Romantic Fairy Tales

Author Various
Edited by Carol Tully
Paperback
$17.00 US
5.1"W x 7.8"H x 0.43"D  
On sale Dec 01, 2000 | 192 Pages | 978-0-14-044732-3
| Grades 9-12 + AP/IB
The four works collected in this volume reveal the fascinating preoccupations of the German Romantic movement, which revelled in the inexplicable, the uncanny and the unknown and, especially, the mysterious world of the fairy tale. Goethe's richly imaginative Fairy Tale (1795) depicts an ethereal underground realm and the marriage of a beautiful man and woman, whose union heralds a new age. In Tieck's Eckbert the Fair (1797) two outsiders seek refuge in the solitude of dark woods to conceal their incestuous passion from the world, while in Fouque's Undine (1811) a water nymph falls in love and acquires a soul, and so discovers the reality of human suffering. And Brentano's Tale of Honest Casper and Fair Annie (1817) portrays the tragedy of a young couple, destroyed by a false sense of honour and pride.

For more than seventy years, Penguin has been the leading publisher of classic literature in the English-speaking world. With more than 1,700 titles, Penguin Classics represents a global bookshelf of the best works throughout history and across genres and disciplines. Readers trust the series to provide authoritative texts enhanced by introductions and notes by distinguished scholars and contemporary authors, as well as up-to-date translations by award-winning translators.
ALEXANDER MACLEOD was born in Inverness, Cape Breton and raised in Windsor, Ontario. His first collection of stories, Light Lifting, was a national bestseller, won an Atlantic Book Award, and was a finalist for the Scotiabank Giller Prize, the Frank O’Connor International Short Story Award, the Thomas Head Raddall Fiction Award, and the Commonwealth Book Prize. His most recent book of fiction, Animal Person, won the Dartmouth Book Award for Fiction, was named a Best Book of the Year by The New Yorker, CBC Books, and the Globe and Mail, and includes stories that were featured in The New Yorker, Granta, and The O. Henry Prize Stories. In 2019, he won an O. Henry Award for his story “Lagomorph.” MacLeod holds degrees from the University of Windsor, the University of Notre Dame, and McGill University. He currently lives in Dartmouth, Nova Scotia, and teaches at Saint Mary’s University in Halifax.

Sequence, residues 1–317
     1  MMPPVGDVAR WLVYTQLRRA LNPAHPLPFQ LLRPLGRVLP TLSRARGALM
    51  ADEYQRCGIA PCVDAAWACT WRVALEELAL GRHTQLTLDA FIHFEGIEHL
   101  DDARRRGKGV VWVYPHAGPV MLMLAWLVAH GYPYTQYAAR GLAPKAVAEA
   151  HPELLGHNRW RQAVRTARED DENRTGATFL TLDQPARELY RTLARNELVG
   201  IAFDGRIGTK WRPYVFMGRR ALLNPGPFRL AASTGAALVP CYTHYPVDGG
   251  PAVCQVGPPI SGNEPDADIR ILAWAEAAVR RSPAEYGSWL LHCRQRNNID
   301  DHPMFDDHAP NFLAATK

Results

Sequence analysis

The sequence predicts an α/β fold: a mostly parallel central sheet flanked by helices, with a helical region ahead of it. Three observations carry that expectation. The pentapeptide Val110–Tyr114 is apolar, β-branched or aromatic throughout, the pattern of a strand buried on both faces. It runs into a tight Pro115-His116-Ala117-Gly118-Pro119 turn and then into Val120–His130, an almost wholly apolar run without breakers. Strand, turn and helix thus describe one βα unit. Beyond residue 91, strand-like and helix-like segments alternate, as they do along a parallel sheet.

SOUVANKHAM THAMMAVONGSA's fiction has appeared in The New Yorker, Harper's, Granta, The Atlantic, The Paris Review, Ploughshares, Best American Non-Required Reading, The Journey Prize Stories, and The O. Henry Prize Stories. Her debut book of fiction, How to Pronounce Knife, won the 2020 Scotiabank Giller Prize and the 2021 Trillium Book Award, and was named a finalist for the National Book Critics Circle Award, the PEN America Open Book Award, the Danuta Gleed Award, and one of Time's Must-Read Books of 2020. Thammavongsa is also the author of four poetry books: Light, winner of the Trillium Book Award for Poetry; Found; Small Arguments, winner of the ReLit Award; and, most recently, Cluster. Born in the Lao refugee camp in Nong Khai, Thailand, she was raised and educated in Toronto, where she is at work on her first novel. View titles by Various